Then came the night of the full moon. It had drizzled that evening just before sunset, but the clouds had cleared by nightfall. Drops of water still hung off leaves of trees, and every gust of wind sent showers into the silver-lit air. The temple proceedings were just finishing; men painted in black with bamboo tubes in their hands were ambling back to their homes, tired from an evening of dance and revelry. I had tried to catch his gaze all evening, but he would not once look at me.
It was when I got up to gather my things that I felt a hand grip my wrist.
Dance 4: Khanjira
I do not remember the things we said to each other on that magical night. All I remember is the rhythm in which our bodies moved together. We danced as one being deep into the night, and after everyone around us had left and we were the only ones cavorting in the temple courtyard, with the moon hung low in the sky, a thin note of Malhar filled our ears. Neither he nor I stopped to look around us, but if we had, we would perhaps have seen a dark cowherd boy seated on a stone nearby, a peacock’s feather tied over his head, his fingers caressing his flute.
I remember the long nights that I spent alone on my bed, thinking of how many things I would say to him on our first night together. When it came, not one word was spoken, not one word was heard. Much has been written about the language of love. Some say it is poetry, some say it is music and dance, but I think it is silence. When you gaze into the eyes of one you love, the sounds of the world are closed to your ears.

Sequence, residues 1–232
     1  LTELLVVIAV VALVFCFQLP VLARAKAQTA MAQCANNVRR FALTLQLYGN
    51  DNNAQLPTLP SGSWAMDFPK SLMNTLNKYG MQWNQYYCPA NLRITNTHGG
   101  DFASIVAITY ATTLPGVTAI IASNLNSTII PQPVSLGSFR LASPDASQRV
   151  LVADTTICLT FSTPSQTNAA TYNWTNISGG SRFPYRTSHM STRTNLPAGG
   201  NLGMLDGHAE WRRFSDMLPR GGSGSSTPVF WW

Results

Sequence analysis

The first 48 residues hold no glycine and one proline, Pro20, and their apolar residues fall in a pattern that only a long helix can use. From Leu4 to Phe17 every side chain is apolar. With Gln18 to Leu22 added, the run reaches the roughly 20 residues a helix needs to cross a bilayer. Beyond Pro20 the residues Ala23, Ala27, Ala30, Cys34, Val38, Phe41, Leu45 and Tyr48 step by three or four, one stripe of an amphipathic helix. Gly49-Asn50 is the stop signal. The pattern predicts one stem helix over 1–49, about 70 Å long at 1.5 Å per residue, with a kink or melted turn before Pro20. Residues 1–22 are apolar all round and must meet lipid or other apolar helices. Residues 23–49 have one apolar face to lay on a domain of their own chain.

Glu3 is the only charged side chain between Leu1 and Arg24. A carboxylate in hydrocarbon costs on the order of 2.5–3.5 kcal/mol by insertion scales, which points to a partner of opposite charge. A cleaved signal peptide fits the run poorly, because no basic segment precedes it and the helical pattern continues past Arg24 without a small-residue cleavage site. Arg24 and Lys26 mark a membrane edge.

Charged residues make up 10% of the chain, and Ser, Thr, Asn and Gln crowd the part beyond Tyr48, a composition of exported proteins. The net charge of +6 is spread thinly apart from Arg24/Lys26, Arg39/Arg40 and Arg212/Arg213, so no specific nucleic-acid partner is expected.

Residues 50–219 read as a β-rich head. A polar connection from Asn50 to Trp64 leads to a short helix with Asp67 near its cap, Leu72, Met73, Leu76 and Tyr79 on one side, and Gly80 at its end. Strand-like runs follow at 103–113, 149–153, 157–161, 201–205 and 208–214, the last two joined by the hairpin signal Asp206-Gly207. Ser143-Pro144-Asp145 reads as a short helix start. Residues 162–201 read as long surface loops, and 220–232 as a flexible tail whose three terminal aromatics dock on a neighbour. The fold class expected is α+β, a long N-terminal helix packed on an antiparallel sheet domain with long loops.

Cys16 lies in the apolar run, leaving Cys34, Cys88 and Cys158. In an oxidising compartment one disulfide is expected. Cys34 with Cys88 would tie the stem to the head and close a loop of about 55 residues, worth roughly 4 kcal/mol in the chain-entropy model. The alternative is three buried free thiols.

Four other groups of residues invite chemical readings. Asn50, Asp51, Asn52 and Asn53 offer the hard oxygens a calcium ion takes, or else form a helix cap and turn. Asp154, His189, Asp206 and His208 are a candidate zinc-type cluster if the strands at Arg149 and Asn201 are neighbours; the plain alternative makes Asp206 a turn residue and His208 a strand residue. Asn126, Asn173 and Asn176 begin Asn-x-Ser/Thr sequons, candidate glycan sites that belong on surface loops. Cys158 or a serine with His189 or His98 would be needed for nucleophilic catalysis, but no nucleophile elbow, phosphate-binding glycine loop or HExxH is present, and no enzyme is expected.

Dance 5: Peacocks
Silence is not just the language of love, but the language of creation too. Mountains and flowers, sand dunes and rivers, trees and caves, the sun and the moon – none of these utter a word. A poet once said that the Earth was mute by birth, and so was the sky. But the clouds float by, thunder for a while, and move away. So it is with men and their need for words, for language. The world has existed long before us, and it will long after we have floated away, like those clouds, and our only remains will be our words, our voices, whispering, speaking, shouting, arguing…
Into the silence of my world came voices. They saw his sacred thread and my nose ring, his ash-smeared forehead and my bangled wrists, his cultured speech and my cracked feet, and they shook their heads. They huddled together and pointed their fingers at us. Their lips moved and moved and moved. I did not hear their words, but I saw the frowns on their faces, the curious shapes into which their noses bent.